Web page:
Brian confesses that when he started farming, one of the biggest challenges he encountered was finding people to work on the farm.
“We would agree with the labourers on what needs to be done, set wages but they refuse to show up for work. Other times, they would charge me up to Sh 200 above the normal rate claiming that I wasn't from the area,” he explains.
The other challenge that almost made Brian give up on farming was realising that thieves had been stealing from the farm at night.
“I recall that on this particular day, I got into the farm and was very pleased that even the crops bordering other farms hadn’t been ravaged, only to be dismayed when I got deeper into the farm. More than 500 husks had been stolen! Also, when I started, some of the residents were very hostile alluding that I was an outsider benefiting from their resources. But with the help of some village elders and the chief, the issue was sorted,” he offers.
Challenges aside, Brian who aspires to get into large-scale orchard farming reveals that his June harvest was bountiful with a profit of about Sh 100,000. If you ask him, taking every coin into account and engaging marketers even before the crops had matured were his winning points.
“Immediately I was done planting in March, I started preparing a database of potential buyers. My background as a marketer was an added advantage and the fact that I had some acquaintances who work as vendors in Githurai market helped. Through them, I was able to get other vendors from almost all markets in Nairobi,” he notes.
According to Brian, lack of ready markets for perishable produce like cucumbers puts most farmers into losses. He, therefore emphasises the importance of having a plan B to avoid disappointments. Also, the need to have a proper book of records.
“In my case, I send between Sh 2000 to Sh 4000 every other week to the farm manager for his wages and other related expenses. It might seem little but I know that if I don’t keep records, I might end up making losses,” says the bachelor of Entrepreneurship graduate from Karatina University.
Currently, he is farming sweet potatoes on the piece of land before he resumes to cucumber next season. In place of maize, he intends to toss himself into tree tomatoes farming.
Also, Brian is into goat rearing and his livestock counts to 30, a number he wishes to increase to 100 by next year.
“My vision is to contribute in our country's food security by practising organic farming on large scale. Also, I intend to establish a company where we can make value addition to beverages using tree tomatoes and passion fruits. Someday, I will start a dairy company, an abattoir and butchery for my goats.
“Farming is not ‘cool’. It is a business that must be taken seriously and done professionally”-Gladys
“While in high school, I had to work on people’s farms to buy personal effects such as sanitary towels. Although the task of tiling and harvesting different produce was a hard task for a 14-year-old girl, I learnt one important lesson- that by farming, one could actually earn a living. At 19, I invested Sh 30,000 -savings from my job as a bank teller in rice-farming. It was my very first attempt in farming and I was excited at the thought of the profit I would make. Unfortunately, the venture turned out to have been a miss-informed idea. I lost all the money, including the starting capital,” she explains.
However, this did not deter her from pursuing her passion to farm. If anything, she was exposed to the various gaps and opportunities that exist in agriculture. Convinced that she had learnt from the previous venture, early last year she leased four acres to farm sweet potatoes. Getting land was a smooth process as her friend linked her to potential leasers.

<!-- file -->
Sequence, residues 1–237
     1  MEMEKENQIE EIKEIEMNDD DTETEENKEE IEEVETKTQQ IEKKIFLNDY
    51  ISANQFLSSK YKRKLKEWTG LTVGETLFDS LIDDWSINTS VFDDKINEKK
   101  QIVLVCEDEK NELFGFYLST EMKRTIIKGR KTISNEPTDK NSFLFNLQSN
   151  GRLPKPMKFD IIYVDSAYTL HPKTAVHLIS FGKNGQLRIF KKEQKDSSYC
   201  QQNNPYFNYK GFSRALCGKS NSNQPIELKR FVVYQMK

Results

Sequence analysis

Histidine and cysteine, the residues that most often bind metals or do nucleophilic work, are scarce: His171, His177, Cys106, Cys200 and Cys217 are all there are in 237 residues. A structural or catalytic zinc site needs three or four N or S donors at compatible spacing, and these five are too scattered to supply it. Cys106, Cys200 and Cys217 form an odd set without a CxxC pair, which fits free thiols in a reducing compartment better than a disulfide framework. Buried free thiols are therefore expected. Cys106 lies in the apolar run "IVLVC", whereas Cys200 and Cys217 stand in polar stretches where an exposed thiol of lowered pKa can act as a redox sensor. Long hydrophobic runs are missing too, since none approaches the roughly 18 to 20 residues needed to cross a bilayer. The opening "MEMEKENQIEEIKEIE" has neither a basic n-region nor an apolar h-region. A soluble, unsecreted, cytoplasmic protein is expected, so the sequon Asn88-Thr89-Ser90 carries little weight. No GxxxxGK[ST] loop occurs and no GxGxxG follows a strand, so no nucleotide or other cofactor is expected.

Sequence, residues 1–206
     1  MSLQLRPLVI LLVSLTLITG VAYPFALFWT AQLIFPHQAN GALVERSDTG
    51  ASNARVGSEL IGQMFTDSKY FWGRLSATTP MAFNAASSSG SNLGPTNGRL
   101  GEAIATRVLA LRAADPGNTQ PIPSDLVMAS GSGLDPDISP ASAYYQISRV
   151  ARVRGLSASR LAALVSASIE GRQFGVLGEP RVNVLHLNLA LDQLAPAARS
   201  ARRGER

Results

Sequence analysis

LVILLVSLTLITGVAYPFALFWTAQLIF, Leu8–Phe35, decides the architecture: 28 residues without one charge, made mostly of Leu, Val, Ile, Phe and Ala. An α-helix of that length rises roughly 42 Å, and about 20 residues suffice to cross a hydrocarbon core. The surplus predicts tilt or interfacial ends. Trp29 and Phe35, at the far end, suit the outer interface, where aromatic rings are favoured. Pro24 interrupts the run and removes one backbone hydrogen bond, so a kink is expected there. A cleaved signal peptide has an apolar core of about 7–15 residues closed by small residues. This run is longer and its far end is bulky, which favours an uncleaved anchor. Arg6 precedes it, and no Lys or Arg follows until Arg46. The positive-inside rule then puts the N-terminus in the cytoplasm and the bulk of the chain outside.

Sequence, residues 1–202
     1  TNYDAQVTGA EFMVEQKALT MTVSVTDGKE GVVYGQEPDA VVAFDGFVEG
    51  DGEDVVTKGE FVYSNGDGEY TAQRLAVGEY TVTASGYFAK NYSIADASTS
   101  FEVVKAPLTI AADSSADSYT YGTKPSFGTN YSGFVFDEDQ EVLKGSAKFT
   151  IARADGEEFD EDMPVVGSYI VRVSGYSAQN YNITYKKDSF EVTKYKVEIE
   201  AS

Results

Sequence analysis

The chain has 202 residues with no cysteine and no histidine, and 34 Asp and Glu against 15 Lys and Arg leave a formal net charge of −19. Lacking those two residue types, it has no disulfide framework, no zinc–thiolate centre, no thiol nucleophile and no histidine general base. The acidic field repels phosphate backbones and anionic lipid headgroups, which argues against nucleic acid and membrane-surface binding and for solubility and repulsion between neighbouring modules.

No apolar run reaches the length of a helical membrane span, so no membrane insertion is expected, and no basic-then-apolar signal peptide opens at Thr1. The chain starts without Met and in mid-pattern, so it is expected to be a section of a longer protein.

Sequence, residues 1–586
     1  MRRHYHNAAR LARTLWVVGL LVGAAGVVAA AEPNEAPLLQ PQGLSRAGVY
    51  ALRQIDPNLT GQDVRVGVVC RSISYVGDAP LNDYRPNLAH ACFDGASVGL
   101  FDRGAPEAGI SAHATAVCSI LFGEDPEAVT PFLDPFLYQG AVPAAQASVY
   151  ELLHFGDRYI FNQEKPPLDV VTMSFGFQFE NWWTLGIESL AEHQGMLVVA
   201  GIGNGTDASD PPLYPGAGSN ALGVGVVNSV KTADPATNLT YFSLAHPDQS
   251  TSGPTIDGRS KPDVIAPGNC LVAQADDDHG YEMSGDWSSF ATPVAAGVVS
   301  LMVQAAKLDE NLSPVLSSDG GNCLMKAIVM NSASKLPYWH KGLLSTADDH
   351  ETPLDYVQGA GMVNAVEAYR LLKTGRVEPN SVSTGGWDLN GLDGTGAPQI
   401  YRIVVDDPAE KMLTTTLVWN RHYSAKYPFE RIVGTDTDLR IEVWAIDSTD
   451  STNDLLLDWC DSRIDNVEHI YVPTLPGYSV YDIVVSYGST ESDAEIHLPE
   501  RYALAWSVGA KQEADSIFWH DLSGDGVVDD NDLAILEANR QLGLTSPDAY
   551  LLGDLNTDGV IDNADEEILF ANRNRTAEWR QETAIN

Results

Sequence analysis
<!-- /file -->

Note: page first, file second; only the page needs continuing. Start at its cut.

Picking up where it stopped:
“I took into account the amount of time commitment required and I thought that farming sweet potatoes was the best choice. The land is fertile and borders a permanent river. Also, I considered market trends, demand and supply. At the moment, I have a particular company that buys the sweet potatoes directly from the farm."
However, although she has managed to make an average of Sh 180,000 from the farm in just one season- which takes about three to four months, she has had her share of challenges.
“I was duped on the actual land size and again, the land owner let it at Sh 2,000 above the actual market rate. Also, it hasn’t been easy balancing my work as a development practitioner and the farming business. I have had to get the services of a farm manager who I pay an average of Sh 2,000 every week depending on what needs to be done on the farm."
Another challenge that she has faced is getting great farm workers, who know about different aspects of sweet potato farming, especially harvesting. Due to the poor harvesting techniques, they have lost some of the produce as some get damaged in the process. On many occasions, she has had to deal with middle persons who pretend to be the buying company’s field officers – who offer lower rates than the company does.
She advises that if you intend to get into farming, you need to take it seriously like any other business as you can easily lose your investment. Additionally, do a thorough research on the crops you intend to grow.
“It is important that you take into account the costs involved to get the workers to the farm. In my case, I am considering investing time and resources to train my workers to ensure that we reduce the damages,” she says and adds,
“Farming is great and youth should definitely try it. But NO, farming is not ‘cool’. It is a business that must be taken seriously and done professionally,” she notes.
According to young farmers who have leased land, here are some tips to take into consideration:
Ensure that you enter into a legal agreement with the land owner in the presence of witnesses, preferably neighbours and relatives. Ensure all details clearly stipulated.
Before you settle on a particular land, find out the history of the said farm- the last crop farmed, reasons why it is uncultivated and the type of soil.
Ask around the neighbourhood the market rate for land leasing to avoid being duped.
Engage the services of a professional surveyor to measure the size of the land and the property lines to avoid paying more for less or getting into unnecessary disputes with the neighbouring land owners.
Seek advice from experts, field extension officers from well-established agricultural companies, instead of individuals.
Ascertain that the crops you intend to grow can do well in the particular area. You can do this by taking samples of the farm soil for testing.
Carry out an extensive research before you start farming and ensure that you have a database of potential buyers and reach out to them before you start the harvesting process.
Consider your time commitment seriously before venturing into agribusiness.